The shoe mogul was on hand at the iPic Theater Thursday night for the New York premiere of his documentary “Maddman: The Steve Madden Story.” Directed by Ben Patterson, the film chronicles Madden’s early life and the tumultuous (nearly) three decades — and counting — he has spent as the creative force behind his multibillion-dollar eponymous firm. Madden’s drug addiction, marriage to and divorce from his company’s first employee, Wendy Ballew, and two-year stint in prison for securities fraud and money laundering make for a compelling tale that is sure to create new context for shoe lovers who have donned the designer’s popular wares for years without knowing his story.
But Madden is hoping the film sends a very specific message to a certain kind of viewer.
“There are some people in my mind that I’m hoping this film reaches — I have a prototype of a person,” Madden told Footwear News when the publication caught up with him ahead of Thursday’s premiere. “They’re like 25-year-old guys — could be women, too — who are idiots and are on the wrong track in their life and people are giving up on them. I’ve seen people give up because people give up on [them] and it makes [them] give up, too. It’s about second chances — don’t quit before the miracle because life is very difficult. It can be wonderful, but it can also be [tough], and you have to be able to deal with that.”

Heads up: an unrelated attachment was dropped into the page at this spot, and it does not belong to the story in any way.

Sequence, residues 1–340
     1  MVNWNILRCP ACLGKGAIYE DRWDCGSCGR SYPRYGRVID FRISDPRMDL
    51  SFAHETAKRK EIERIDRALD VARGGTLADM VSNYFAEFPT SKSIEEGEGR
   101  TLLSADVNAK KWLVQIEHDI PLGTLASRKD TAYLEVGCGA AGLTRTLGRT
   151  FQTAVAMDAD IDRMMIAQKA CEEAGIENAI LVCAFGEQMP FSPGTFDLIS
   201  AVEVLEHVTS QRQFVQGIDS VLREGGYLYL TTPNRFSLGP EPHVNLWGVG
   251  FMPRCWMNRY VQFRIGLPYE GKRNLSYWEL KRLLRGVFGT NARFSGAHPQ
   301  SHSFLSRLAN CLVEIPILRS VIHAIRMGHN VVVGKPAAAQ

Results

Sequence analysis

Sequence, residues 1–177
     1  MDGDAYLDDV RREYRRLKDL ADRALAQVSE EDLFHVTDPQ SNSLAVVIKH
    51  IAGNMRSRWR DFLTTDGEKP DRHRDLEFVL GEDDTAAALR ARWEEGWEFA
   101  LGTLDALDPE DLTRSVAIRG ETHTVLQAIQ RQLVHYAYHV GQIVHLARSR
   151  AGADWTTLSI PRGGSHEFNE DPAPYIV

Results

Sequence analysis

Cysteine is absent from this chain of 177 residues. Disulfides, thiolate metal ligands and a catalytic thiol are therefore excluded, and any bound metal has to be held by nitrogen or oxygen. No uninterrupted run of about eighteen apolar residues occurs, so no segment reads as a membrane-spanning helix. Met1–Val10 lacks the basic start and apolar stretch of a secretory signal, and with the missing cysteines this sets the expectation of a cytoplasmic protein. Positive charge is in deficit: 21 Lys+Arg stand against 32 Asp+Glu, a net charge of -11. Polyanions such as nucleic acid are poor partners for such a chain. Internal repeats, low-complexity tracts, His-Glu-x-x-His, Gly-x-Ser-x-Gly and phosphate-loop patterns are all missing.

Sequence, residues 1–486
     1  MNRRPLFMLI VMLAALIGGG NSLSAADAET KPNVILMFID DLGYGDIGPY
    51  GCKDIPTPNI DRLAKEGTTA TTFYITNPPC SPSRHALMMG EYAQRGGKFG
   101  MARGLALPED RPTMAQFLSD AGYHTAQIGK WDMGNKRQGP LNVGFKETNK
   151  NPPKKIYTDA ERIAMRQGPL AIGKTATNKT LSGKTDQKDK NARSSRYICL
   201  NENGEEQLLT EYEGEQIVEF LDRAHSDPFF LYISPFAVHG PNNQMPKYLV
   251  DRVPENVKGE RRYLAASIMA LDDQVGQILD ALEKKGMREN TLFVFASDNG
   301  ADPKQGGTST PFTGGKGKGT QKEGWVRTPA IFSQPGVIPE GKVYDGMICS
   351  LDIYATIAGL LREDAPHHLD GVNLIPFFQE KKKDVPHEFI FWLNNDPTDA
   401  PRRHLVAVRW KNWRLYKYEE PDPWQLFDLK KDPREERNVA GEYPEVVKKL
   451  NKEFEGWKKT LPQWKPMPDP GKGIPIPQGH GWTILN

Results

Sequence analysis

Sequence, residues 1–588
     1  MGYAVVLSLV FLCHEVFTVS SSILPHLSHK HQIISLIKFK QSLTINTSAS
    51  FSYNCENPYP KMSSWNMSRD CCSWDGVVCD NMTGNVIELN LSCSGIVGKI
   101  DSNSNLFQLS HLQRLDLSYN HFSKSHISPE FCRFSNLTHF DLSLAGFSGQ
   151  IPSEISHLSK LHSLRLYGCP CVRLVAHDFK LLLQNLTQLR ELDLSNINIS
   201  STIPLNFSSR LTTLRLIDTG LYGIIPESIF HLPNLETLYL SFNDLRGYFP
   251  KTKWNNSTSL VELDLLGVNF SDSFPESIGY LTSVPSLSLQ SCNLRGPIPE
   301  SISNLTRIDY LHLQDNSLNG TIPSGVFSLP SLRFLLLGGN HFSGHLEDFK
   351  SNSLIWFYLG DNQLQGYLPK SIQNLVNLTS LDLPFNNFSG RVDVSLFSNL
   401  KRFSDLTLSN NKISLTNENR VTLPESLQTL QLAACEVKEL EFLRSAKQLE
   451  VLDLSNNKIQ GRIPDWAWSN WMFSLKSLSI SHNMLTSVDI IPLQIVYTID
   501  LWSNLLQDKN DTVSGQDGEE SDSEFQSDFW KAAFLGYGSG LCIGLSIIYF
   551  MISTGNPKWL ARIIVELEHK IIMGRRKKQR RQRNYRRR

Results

Seven years in the making, the film — available for rental and purchase on Amazon and iTunes today — features cameos from fashion industry veterans and editors including Lord & Taylor president Liz Rodbell and FN editor-in-chief Michael Atmore.
“It’s out now, but it was really supposed to be out a while ago — it just took forever to make,” Madden said of the project, noting that his portrayal in the Academy Award-nominated film “The Wolf of Wall Street” in 2013 was among the factors motivating him to tell his own story. “There were two thoughts behind getting [my documentary] out: ‘Wolf of Wall Street’ happened, and I wanted to get my story out while I could remember it.”